All this is done under a standing assumption that the underlying field is the field of complex numbers, thereby avoiding complications with fields of prime characteristic or fields that are not algebraically closed. This is a reasonable assumption to make for a book at this level, but there is always some risk involved in making such a standing assumption and then not articulating the hypotheses in subsequent theorems; a “drop-in” reader of this book, for example, who looks up the statement of Maschke’s theorem on page 23 (“[e]very representation of a finite group is completely reducible”) without being aware of the standing assumption, would not realize that this theorem fails in some cases when the underlying field has prime characteristic. Likewise, the author’s statement of Schur’s Lemma does not mention that everything takes place over the field of complex numbers, but in the proof, when the algebraic closure of that field is used, the author does explicitly state “here is where we use that we are working over C and not R.”
Applications of representation theory are not slighted. Chapter 5 is on Fourier analysis on finite groups (including an application to graph theory), which is then applied in the final chapter of the book (chapter 11) to a discussion of probability and random walks in groups. This chapter, the contents of which were new to me, struck me as one of the more unusual features of this book.
Chapter 5 is followed by a chapter on an algebraic application of representation theory: a proof of Burnside’s Theorem (that no nonabelian group of order paqb, where p and q are primes, is simple). This famous result in group theory, which the author calls the “first major triumph of representation theory”, though not itself a statement about representations or characters, can be given a relatively accessible proof using group representations (along with some facts about algebraic integers that the author develops from scratch); it can also be proved without representation theory, but at the cost of considerable added difficulty (as well as passage of time: as the author points out, a proof avoiding representation theory took almost 70 years to discover). Later on in the book, another theorem of Burnside about the number of conjugacy classes in groups of odd order (a theorem that on its face has nothing to do with representations) is also proved using representation-theoretic methods.
Subsequent chapters extend the theory. Among the topics covered are permutation representations (preceded by a discussion of group actions), induced representations (wherein one “lifts” a representation of a subgroup H of G to a representation of G) and Frobenius reciprocity, Mackey’s criterion for irreducibility of an induced representation, real characters (and that other theorem of Burnside mentioned in the preceding paragraph), and an introduction to representations of the symmetric group using Young diagrams and tableaux.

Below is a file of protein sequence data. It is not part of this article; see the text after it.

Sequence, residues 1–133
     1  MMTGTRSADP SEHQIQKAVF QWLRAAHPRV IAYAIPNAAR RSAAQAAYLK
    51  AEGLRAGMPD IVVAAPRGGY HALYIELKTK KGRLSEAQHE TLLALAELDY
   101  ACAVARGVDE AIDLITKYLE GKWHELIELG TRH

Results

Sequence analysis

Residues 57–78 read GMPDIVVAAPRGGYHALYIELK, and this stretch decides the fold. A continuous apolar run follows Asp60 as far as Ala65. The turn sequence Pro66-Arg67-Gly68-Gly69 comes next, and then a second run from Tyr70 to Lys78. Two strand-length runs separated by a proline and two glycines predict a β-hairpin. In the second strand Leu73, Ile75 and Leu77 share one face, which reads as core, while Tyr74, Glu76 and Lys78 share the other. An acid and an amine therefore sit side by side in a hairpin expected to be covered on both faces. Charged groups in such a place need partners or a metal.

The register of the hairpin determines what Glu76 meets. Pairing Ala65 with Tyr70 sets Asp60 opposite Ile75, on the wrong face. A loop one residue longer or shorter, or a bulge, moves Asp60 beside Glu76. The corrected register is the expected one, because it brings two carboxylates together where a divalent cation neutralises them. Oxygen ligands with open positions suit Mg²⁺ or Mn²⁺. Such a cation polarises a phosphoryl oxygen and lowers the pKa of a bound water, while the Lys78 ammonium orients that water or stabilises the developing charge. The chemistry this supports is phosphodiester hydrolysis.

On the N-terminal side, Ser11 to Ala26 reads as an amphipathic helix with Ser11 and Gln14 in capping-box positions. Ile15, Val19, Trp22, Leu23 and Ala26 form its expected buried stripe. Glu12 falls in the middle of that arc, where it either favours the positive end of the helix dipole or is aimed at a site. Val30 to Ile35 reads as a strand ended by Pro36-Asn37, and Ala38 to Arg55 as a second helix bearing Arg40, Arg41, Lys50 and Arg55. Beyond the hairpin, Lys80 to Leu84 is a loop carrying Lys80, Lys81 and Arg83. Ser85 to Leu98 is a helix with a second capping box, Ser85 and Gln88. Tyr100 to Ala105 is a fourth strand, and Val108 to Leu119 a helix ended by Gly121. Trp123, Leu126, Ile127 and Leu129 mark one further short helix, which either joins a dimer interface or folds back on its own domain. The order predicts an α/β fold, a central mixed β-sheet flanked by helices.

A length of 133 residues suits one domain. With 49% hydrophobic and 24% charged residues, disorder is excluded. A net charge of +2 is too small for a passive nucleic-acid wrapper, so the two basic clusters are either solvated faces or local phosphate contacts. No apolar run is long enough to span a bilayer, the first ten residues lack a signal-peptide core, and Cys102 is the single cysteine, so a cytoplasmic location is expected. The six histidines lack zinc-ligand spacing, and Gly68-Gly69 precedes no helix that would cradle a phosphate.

These topics make for a very solid introductory course in group representation theory, particularly at the undergraduate level. Of course, to keep a book reasonably short, some selections have to made, and one might not agree with all of them. I would, for example, have preferred to have seen a bit more done with character tables. There are only about half a dozen that are worked out in the text, for example, and the reader is not given as much of an indication as I would have liked of how information about the group can be read off the table. In addition, the standard example of non-isomorphic groups with the same character table (the dihedral group D4 and the quaternion group) does not seem to be explicitly pointed out, although the character table for the quaternion group does appear (first as an exercise on page 50 and then worked out in the text on pages 102–103 using induced representations), and construction of the character table of D4 appears as an exercise on page 108.
By the way, neither the phrase “quaternion group” nor “dihedral group” appears in the Index. It also omits “Maschke’s theorem”, “Schur’s Lemma”, and both of the group-theoretic results of Burnside mentioned earlier. In other words, the index could be beefed up a bit.
These minor quibbles aside, the author has, by combining clear writing with an accessible and minimal-prerequisite approach to group representations, created a book that may well help bring group representation theory into the undergraduate curriculum. This is an impressive and useful text, and should be looked at by anybody with an interest in the subject.
Mark Hunacek (firstname.lastname@example.org) teaches mathematics at Iowa State University.